Since 2003 Lincoln Rotary District 5650 has collaborated with The Livingstone Rotary Club in Southern Province Zambia and the Rotary Foundation to improve the lives of villagers in Zambia through the Zambia-Lincoln Nutrition Project. The project works with local partners to end child malnutrition through peer nutrition coaching, agricultural innovation, and access to clean water.
This year, the project is being expanded for an intensive two-year collaboration to expand the project to a new village in Zambia (Lifilale). Rotary Clubs from Lincoln, Seward, Beatrice, and Omaha joined together to raise a total of $11,500 which received a match of $11,500 from District 5650 District Designated Funds and a $9,200 grant from the Rotary International World Fund for a total project of $32,200.00.
Rotary International and Nebraska Rotary contributions will fund the “Improving the Nutrition and Health of Children in Lifilale Zambia” project. The project involves a multi-faceted approach to ending child malnutrition and supporting sustainable practices to improve the health of families in the village of Lifilala. The project builds on evidence-based practices that have been developed by the Lincoln-Livingstone Rotary coalition in other Zambian villages. The practices include improving access to water for drinking and gardens, teaching villagers to track growth in partnership with Nebraska volunteers who analyze the growth data, growing native nutritious foods and working with peer educators to help Zambian families learn to prepare dishes from the plants, and working with villagers to build a garden fence that villagers continue to support with user fees. Villagers in Lifilala will also benefit from previous contributions to stock a pond near the village with fish to increase the availability of protein for village diets.
Dr. Chuck Erickson from Lincoln East Rotary, who initiated Lincoln Rotary engagement with Zambia and who serves as the primary Nebraska contact and medical expert for the project explained “Our overarching goal is to prevent malnutrition, especially "stunting"; i.e., being short for age, which is a common health concern in the country.” Stunting is a measurable consequence of malnutrition. The unseen and extremely concerning implication of stunting is that the malnutrition of young children that leads to stunting also leads to permanent brain damage. We will see the benefits of nutritional improvements in the elimination of stunting through tracking normal child growth patterns. The unseen benefit will be the dramatic improvements in potential for these children who get a healthy start in life.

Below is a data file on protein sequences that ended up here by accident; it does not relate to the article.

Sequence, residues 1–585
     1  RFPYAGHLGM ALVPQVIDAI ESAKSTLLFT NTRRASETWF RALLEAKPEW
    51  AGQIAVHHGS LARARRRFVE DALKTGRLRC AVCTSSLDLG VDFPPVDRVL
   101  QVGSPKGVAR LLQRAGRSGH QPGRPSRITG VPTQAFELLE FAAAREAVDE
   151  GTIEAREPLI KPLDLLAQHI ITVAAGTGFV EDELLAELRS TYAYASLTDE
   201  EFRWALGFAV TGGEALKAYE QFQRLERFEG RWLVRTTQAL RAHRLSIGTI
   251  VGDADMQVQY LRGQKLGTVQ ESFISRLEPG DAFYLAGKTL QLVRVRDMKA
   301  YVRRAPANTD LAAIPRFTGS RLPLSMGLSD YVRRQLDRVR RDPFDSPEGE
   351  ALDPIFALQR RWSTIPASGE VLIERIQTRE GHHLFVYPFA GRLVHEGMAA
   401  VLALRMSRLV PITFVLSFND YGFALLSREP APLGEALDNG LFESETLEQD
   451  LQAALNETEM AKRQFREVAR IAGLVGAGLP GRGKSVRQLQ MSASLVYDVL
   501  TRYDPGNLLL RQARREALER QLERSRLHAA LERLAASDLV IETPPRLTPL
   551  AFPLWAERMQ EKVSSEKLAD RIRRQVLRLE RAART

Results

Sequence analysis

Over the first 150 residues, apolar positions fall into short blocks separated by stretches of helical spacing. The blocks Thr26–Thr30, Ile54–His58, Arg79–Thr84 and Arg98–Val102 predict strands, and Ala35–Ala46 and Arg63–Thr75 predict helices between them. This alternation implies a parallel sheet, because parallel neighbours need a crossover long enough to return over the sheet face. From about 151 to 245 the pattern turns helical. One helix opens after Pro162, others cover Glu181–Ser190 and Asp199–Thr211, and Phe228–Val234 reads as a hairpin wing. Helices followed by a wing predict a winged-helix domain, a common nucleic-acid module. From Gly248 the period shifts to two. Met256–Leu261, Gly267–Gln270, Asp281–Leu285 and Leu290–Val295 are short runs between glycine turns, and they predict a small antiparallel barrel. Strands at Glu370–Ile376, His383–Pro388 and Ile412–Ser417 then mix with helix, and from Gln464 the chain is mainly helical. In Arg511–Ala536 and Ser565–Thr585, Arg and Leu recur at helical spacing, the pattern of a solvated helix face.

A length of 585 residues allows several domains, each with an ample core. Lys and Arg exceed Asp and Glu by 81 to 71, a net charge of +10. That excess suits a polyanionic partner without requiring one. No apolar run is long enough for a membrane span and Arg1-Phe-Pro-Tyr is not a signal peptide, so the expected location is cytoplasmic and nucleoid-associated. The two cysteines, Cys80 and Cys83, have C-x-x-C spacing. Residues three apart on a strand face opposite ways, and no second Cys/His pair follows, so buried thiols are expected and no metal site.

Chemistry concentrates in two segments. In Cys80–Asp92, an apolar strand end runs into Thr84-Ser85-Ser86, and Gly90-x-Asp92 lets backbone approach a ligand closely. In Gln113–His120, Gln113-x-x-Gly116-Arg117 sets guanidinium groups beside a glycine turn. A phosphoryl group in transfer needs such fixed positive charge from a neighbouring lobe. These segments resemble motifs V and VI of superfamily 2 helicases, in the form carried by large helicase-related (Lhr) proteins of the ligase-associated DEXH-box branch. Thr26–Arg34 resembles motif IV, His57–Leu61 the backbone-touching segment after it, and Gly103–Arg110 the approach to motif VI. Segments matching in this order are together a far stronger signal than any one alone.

Shari McCright, also from Lincoln East Rotary, traveled to Zambia in September to meet with local partners who will be implementing the program. Shari, a retired teacher familiar with the behavioral strategies that promote learning, will help to teach proper measurement in infant length and work with local villagers to maximize their strengths for sustainable improvements in family nutrition. In September, she met with a new local Zambian partner ADRA, Adventist Development and Relief Agency, to develop the strategic plan for future implementation along with the local Zimba health department, including the director of health and a nutritionist. "We're in good hands," said Shari.  This local support, plus the trained peer program leaders assisting new mothers with nutritious cooking and feedback, assures the empowerment and sustainability of this program. 
The Zambia-Lincoln project demonstrates the power of global collaboration that can occur through Rotary. Lincoln partners assist with technical assistance and tracking of medical outcomes while Zambian partners provide the on the ground coaching and health care to improve the health outcomes. Evidence from growth trajectories shows Zambian infants and young children have made healthy strides from the efforts thus far. The Rotary International grant will allow those efforts to multiply. Rotary District Governor Barbara Bartle said, “The Rotary Zambian collaboration provides a testament to the power of partnerships and showcases the role of Rotary serving society in a global way.”
Invite us to your club to tell our success stories in Zambia and share how your Club can become an active participant in this International Project.
Charles Erickson
Phone 402-420-3088